So where I will go from here is to present a series of examples and why I think they are important. With not so much humility, I will mention some of the work I have done with C5 and paintersflat.net in the context of these influential examples. Much of the work I will discuss operates in the art world under the sign of “locative media”. You can look at locative media’s entry in Wikipedia for more information, and you might notice that the “definition” has taken on not so subtle expressions of a desire to be seen as operative within the realm of the social and political. (http://en.wikipedia.org/wiki/Locative_media) And I suppose we could talk about panopticism and surveillance while we are on the topic of mobiles and GPS (often worried over as technologies of social control), or on flash mobs and activist uses of phones (where the social control aspects of new technology are inverted, facilitating democratic or sometimes mob action.) But this little note is already getting a little long, and these issues also are well worn as topics for mobile projects, no matter how important they are.
The Pukekura Park project too, in that it is intended to create an interpretive educational layer for sustainability issues in the park, is unavoidably situated under some sign of “the social”. But when it goes to the definition of locative media, at least qua the art world, I prefer to think in more general terms so as not to disclude any locative practices merely because they don’t adhere to art world fashionability surrounding issues of urbanity, socially engaged art practices, heroic environmentalist statements, and so forth. (Not that there is an inherent flaw in these, just that definitions should not be so exclusive as to favor particular practices when other obviously similar ones are left out.) So I normally propose something like this: locative media is computational media (often wireless, networked) that processes dynamic location data and presents the user with an interface (information, feedback, and control) intended to mediate the user’s spatial behavior or experience. This definition, which is similar to the current Wikipedia definition of “location-aware media”, adds to the former the focus on spacial behavior. The definition has the advantage of being precise enough to give a relevant description, but abstract enough to be inclusive of more diverse practices. For example, among my interests are the cognitive consequences of locative media, its impact on human spatial reasoning, and a range of ideas from the cognitive science discipline (and computer science) regarding cognitive maps, landmarks, topological networks and path integration. A particular interest of mine related to artificial intelligence is artificial walking. More on that soon, after I present a necessarily short (and unfairly incomplete) list of artists and works that I think are useful for us to think about.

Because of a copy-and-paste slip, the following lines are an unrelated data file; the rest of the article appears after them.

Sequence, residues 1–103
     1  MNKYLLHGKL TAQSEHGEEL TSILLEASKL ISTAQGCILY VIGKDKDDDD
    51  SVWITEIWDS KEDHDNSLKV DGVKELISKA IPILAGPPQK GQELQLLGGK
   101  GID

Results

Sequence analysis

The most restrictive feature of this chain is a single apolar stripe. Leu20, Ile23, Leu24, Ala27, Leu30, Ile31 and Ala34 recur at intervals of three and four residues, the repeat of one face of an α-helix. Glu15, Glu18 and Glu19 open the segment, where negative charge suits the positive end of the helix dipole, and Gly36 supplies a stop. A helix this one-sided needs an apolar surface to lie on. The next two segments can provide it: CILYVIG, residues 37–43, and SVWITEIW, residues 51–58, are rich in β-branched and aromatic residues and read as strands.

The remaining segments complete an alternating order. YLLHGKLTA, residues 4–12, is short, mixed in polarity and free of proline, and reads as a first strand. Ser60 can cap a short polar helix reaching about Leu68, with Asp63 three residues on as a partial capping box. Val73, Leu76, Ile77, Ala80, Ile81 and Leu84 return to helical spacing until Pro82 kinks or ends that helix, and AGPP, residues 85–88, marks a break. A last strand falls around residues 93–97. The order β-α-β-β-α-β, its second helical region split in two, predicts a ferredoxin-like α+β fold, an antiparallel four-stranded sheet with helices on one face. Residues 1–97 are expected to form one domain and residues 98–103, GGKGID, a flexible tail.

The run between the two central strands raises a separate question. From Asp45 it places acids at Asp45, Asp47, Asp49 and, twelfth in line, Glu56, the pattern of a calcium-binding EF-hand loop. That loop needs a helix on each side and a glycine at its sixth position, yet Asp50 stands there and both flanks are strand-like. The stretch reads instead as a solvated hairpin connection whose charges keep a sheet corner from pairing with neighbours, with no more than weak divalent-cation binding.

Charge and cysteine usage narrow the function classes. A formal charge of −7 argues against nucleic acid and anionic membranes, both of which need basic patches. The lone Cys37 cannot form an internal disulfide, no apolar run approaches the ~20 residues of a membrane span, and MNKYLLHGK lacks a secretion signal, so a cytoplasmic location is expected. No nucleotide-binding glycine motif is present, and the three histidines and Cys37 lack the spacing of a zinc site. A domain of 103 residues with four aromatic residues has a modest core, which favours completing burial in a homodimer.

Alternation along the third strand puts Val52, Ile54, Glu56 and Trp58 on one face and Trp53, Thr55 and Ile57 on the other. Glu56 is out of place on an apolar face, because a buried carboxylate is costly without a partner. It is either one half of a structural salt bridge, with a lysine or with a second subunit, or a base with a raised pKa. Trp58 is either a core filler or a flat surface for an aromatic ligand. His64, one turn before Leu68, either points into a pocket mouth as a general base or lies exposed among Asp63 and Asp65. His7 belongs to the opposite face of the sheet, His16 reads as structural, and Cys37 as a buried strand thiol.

Outside of the computing in the arts sub-genre of the art world that I work in, artists who matter a lot to me are Richard Long and Dominique Mazeaud. Long is one of the innovators of a certain kind of conceptual walking practice in which he walks the landscape and creates a subtle work out of found materials which are then photographed, and after which the site is returned to its natural state. (http://www.richardlong.org/) Mazeaud is best known for a related kind of environmental artwork in which she performed ritual walks wherein she cleaned up the Rio Grande river in New Mexico, USA. (The Great Cleansing of the Rio Grande River, 1988.) Another related work that I really like is Ruth Wallen’s “Children’s Forest Nature Walk”, which involved working with children to produce interpretative etched trail panels for a nature trail in the San Bernardino national forest in California. (http://greenmuseum.org/content/work_index/work_id-12artist_id-5.html) In every sense, what we are going to work on is the same general kind of thing as my colleague Wallen’s work, except the topic, the ages of the creative young people participating, the way navigation is performed, and the manner of distributing the information in the landscape are quite different. But at some level, all stories in space are spatialized narrative, and the history of this kind of work precedes locative media.